S&P presents The Big Picture on Corporate Climate Risk at Davos

S&P Global has unveiled “The Big Picture on Corporate Climate Risk” during 2020 Annual World Economic Forum in Davos.

The report includes S&P Global’s latest data and insights into the effects of climate change that pose important transition and physical risks for companies and investors through regulation, changing market dynamics, and technology, among other factors. This year’s presentation incorporated data from the Climate Change Physical Risk Analytics dataset from Trucost, part of S&P Global.

Dr. Richard Mattison, CEO of Trucost said, “Our data shows that heatwaves, wildfires, water stress, and hurricanes linked to rising average global temperatures represent the biggest physical risks for companies in the S&P 500. Furthermore, the location of assets is the key factor in determining the extent of these risks, outweighing the industry or sector in which a company operates.”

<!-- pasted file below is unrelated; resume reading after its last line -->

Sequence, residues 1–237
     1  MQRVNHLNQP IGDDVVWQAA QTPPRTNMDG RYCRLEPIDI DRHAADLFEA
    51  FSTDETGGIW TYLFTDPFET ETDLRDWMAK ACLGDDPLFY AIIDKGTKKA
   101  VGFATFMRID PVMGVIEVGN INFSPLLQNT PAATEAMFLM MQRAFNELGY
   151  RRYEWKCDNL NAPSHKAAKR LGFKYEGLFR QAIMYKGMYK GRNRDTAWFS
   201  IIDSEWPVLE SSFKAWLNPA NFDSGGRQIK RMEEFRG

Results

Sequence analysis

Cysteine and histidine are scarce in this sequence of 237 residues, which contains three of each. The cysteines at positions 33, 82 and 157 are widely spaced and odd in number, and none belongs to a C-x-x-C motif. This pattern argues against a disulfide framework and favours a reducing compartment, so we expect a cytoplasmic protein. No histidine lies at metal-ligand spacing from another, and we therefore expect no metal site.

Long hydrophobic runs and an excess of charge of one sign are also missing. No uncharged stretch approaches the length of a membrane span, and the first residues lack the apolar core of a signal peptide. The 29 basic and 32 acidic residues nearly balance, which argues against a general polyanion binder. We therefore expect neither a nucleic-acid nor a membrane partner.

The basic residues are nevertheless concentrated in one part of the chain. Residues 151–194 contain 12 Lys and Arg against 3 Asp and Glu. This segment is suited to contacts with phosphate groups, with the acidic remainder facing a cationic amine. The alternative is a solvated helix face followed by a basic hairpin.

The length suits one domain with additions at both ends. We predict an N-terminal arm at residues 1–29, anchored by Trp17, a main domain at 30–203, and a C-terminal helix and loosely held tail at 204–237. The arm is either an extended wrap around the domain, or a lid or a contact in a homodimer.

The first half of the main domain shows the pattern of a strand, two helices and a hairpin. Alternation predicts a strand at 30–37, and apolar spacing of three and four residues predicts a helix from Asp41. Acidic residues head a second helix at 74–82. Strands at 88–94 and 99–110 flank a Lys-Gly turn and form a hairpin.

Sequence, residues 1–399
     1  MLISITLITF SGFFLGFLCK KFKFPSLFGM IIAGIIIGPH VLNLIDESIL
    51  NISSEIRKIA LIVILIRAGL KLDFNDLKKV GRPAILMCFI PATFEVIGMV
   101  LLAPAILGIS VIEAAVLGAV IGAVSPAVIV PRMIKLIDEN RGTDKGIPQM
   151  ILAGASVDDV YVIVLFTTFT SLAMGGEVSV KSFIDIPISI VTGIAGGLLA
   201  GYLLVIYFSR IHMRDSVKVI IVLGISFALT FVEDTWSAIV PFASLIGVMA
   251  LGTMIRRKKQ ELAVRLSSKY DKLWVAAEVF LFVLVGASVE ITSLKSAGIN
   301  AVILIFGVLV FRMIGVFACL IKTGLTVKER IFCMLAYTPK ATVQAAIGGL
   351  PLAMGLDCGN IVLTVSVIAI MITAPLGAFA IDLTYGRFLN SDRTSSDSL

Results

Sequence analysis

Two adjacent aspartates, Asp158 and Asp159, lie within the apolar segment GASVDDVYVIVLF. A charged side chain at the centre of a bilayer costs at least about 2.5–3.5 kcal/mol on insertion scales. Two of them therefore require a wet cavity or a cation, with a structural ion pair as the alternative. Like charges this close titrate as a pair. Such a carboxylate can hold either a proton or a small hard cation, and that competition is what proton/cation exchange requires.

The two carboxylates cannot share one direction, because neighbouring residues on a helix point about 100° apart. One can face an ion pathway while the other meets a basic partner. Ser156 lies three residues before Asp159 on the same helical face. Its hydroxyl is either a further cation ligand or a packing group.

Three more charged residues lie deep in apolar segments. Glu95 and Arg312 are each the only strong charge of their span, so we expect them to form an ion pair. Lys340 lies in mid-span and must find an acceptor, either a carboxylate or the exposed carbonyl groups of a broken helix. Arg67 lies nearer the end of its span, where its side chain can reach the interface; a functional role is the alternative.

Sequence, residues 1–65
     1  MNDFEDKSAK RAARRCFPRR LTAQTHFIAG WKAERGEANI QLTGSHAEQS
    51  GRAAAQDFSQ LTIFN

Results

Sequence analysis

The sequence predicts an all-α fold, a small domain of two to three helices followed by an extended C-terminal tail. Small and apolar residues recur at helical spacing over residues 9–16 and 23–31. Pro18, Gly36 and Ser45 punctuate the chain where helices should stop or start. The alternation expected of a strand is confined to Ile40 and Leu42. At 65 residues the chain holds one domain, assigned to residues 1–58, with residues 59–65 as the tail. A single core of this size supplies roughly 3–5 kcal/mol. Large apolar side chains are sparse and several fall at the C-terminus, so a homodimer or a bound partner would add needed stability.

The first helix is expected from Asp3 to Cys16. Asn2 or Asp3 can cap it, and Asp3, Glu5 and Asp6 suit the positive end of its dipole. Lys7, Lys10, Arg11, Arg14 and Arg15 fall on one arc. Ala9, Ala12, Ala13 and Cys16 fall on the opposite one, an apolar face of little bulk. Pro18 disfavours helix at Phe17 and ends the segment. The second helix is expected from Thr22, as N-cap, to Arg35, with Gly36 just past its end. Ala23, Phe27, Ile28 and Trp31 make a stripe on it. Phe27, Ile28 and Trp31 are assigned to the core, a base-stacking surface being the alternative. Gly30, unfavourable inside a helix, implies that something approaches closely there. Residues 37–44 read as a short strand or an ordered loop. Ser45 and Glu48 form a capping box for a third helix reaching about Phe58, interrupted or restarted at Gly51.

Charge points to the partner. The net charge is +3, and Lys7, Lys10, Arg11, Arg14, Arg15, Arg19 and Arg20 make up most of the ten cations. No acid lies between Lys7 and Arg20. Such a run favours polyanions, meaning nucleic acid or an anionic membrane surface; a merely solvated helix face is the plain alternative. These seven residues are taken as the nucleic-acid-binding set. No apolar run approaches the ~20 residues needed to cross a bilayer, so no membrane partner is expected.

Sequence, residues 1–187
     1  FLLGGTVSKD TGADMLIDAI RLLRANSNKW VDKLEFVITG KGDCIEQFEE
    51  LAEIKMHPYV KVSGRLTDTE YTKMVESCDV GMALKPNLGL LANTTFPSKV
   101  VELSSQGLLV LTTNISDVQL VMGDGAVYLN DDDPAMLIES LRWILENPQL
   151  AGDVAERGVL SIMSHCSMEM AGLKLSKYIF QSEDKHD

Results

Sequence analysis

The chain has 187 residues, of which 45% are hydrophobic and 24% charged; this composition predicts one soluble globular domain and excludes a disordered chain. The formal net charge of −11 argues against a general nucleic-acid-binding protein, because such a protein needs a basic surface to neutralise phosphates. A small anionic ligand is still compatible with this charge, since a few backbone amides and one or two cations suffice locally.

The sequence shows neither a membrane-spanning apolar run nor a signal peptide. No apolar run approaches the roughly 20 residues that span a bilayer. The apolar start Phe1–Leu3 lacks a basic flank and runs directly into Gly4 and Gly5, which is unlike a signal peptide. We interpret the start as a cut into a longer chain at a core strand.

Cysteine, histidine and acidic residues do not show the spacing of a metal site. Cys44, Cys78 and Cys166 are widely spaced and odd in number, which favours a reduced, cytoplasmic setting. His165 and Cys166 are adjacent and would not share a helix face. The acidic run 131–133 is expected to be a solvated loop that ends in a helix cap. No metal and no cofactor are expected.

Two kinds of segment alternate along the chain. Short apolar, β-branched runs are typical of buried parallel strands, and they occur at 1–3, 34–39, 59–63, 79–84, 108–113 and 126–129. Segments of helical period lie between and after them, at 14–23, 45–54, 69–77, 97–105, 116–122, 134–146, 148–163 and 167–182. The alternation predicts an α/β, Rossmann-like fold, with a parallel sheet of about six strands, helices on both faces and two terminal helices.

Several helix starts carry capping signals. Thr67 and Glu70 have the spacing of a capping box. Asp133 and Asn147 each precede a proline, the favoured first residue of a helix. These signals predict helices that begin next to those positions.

The findings revealed in S&P Global’s presentation show that companies in the S&P 500 Index own physical assets across 68 countries globally, while 60% of these entities (with a market capitalization of $18 trillion) hold assets that are at high risk of at least one type of climate-related physical event. Some sectors face heightened risks. For example, real estate investment trusts included in the S&P 500 own properties across the globe with significant concentrations in the US, UK, and Canada. Some of these properties are exposed to risk of inundation due to sea level rise, highlighting the need for effective planning and flood-mitigation measures to preserve asset values.

The presentation also highlights S&P Global Platts analysis that estimates adherence to historic trends would significantly increase energy-combustion CO2 emissions, while Platts’ most likely scenario—taking into account expected policy action and technological innovation—envisions emissions stabilizing after around 2025.  But this is still far above needed targets; Platts’ 2-degree scenario would require global demand for fossil fuels to peak by 2025.